Dr Manny's Notes

Is laser treatment for vaginal atrophy safe?

Manny Alvarez

Every year, millions of women in the United States suffer post-menopausal changes in their lives, including symptoms of vaginal atrophy. Many women ignore or cope with mild symptoms, but others seek treatment for issues like urinary incontinence, vaginal burning and itching, and painful intercourse. In the past decade, many women have been turning to a new laser treatment for answers, but is it safe?

The Monalisa Touch

In the world of vaginal atrophy, the Monalisa Touch could potentially solve the problem for good. Unlike other procedures, this new laser treatment requires no anesthesia, and patients can return to sexual activity in a matter of days.

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The laser works by gently stimulating vaginal tissue, helping it to produce more collagen and strengthen the tissue. The Food and Drug Administration approved this treatment in late 2004, and many women have attested to reduced symptoms of atrophy and restored sex lives since.

For now, insurance companies do not cover the Monalisa Touch, and patients must pay an average $2400 out of pocket to receive the treatment. Still, women weigh the options and find this costly treatment worth the price.

In addition, the Monalisa Touch often resonates with cancer patients and other groups who cannot undergo usual treatments for vaginal atrophy. Normally, doctors recommend lubrications and vaginal creams to reduce pain during intimacy. If this treatment does not work, they move onto hormone replacement therapy, using estrogen.

For some women, especially cancer survivors, this treatment just is not an option. In 2002, researchers linked hormone replacement therapy to an increased risk of breast cancer, and combination therapy increases that risk by 75 percent. Other women forgo the hormone therapy for personal reasons, wanting a more permanent answer to their problems.

Does Laser Treatment Work?

According to proponents of the Monalisa Touch, the laser treatment works in over 90 percent of cases with little to no side effects. Patients can continue normal activities, with a small period of sexual abstinence, and do not need anesthesia for the minimally invasive procedure.

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In addition, the Journal of Endometriosis and Pelvic Pain Disorders found that 100 percent of patients had improvement in painful intercourse after 12 weeks of receiving treatment.

On the other hand, women should understand that the process in which lasers receive approval by the FDA has much less regulation than do drugs. In addition, most of the research performed with the laser have been relatively small trials with no control group.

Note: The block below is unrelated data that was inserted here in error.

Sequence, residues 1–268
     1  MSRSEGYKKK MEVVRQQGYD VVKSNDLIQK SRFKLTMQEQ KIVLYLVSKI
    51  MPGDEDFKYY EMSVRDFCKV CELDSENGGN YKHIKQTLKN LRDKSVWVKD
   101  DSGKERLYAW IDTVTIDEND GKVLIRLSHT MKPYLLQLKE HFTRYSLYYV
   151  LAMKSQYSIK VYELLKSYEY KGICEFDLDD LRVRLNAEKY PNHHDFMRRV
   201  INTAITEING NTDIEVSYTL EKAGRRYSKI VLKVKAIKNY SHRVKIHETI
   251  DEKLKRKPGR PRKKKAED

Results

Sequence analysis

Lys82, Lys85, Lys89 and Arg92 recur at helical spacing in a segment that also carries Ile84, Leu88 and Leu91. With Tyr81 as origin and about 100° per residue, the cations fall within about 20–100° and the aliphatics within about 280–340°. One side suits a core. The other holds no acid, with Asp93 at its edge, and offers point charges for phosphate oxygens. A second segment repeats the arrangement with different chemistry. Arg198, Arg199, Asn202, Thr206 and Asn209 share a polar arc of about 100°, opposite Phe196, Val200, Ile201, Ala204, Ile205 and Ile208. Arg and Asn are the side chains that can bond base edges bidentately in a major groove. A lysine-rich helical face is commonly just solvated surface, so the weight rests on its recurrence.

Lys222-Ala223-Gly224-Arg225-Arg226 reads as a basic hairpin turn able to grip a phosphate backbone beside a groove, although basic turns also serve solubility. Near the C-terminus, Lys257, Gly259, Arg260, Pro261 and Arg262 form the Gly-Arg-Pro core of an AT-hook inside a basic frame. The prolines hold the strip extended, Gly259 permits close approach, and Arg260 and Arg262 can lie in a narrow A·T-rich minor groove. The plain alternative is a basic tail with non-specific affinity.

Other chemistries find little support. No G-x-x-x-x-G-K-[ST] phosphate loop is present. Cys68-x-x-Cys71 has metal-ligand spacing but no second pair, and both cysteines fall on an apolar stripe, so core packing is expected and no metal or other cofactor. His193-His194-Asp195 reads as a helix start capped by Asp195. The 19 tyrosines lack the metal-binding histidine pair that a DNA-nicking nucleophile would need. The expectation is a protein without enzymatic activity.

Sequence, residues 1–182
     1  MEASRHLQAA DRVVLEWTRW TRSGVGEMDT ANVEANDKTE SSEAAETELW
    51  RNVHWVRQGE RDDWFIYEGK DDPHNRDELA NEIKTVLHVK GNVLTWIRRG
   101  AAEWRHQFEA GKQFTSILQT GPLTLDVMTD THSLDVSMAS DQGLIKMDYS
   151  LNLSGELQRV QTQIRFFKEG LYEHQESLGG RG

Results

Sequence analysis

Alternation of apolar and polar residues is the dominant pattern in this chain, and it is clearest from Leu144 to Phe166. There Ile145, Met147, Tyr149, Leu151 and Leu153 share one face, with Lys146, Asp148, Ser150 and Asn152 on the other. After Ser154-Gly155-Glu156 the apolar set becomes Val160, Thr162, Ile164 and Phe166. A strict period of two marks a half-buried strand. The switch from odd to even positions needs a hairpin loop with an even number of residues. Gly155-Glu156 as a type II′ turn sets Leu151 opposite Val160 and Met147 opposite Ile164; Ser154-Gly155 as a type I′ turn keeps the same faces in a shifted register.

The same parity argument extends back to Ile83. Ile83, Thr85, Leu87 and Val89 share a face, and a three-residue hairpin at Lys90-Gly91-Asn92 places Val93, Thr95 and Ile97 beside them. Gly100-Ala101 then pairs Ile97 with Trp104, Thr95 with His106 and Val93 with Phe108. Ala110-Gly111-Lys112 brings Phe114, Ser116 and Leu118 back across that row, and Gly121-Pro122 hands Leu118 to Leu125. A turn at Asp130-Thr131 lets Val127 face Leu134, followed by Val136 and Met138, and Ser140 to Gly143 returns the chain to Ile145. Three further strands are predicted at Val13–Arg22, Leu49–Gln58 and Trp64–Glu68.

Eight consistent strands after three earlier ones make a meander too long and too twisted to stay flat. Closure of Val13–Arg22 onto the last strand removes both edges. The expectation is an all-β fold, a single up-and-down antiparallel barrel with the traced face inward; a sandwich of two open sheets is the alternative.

For example, one 2015 study evaluated 77 patients with vulvovaginal atrophy and followed the results until the 12-week checkup. Of the women who participated, 20 women were sexually inactive due to vaginal atrophy.

The researchers found that 17 of the sexually inactive women were able to return to normal sexual activity before the 12-week checkup. However, this particular trial did not have a control and alternate group with which to compare the results. Researchers need more testing to verify the laser’s safety and long-term effects.

Side Effects and Complications

To date, most women who undergo the laser treatment may report itching, burning, redness, or swelling immediately following the procedure. However, these complications do not last more than a few days. Researchers have found no other long-term effects associated with the treatment.

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At the same time, have the less stringent clinical trials done enough to rule out long-term effects? While the positive results of the small trials do offer much hope to suffering women, they may need to answer a few more questions.

In the 2015 trial, researchers did not track the women’s long term progress for potential regression or other resulting health problems. The Monalisa Touch shows great promise, but people should know exactly what they’re getting into long term.

Even still, thousands of women have already received treatment since the laser’s release. So far, women have not brought up any major health issues related to the procedure. In fact, the laser treatment has helped many women renew their sex lives and gain freedom from vaginal atrophy.

Laser treatment for vaginal atrophy has shown promise in helping women manage crippling post-menopausal symptoms. These women simply do not want to live the rest of their lives suffering from itching, burning, and painful intercourse. However, women should consider that there might be unknown risks for them long-term, although none have come up thus far. They should make the decision carefully with the help of a healthcare professional and choose the best option for their situation.  

This article first appeared on AskDrManny.com.

Dr. Manny Alvarez serves as Fox News Channel's senior managing health editor. He also serves as chairman of the department of obstetrics/gynecology and reproductive science at Hackensack University Medical Center in New Jersey. For more information on Dr. Manny's work, visit AskDrManny.com.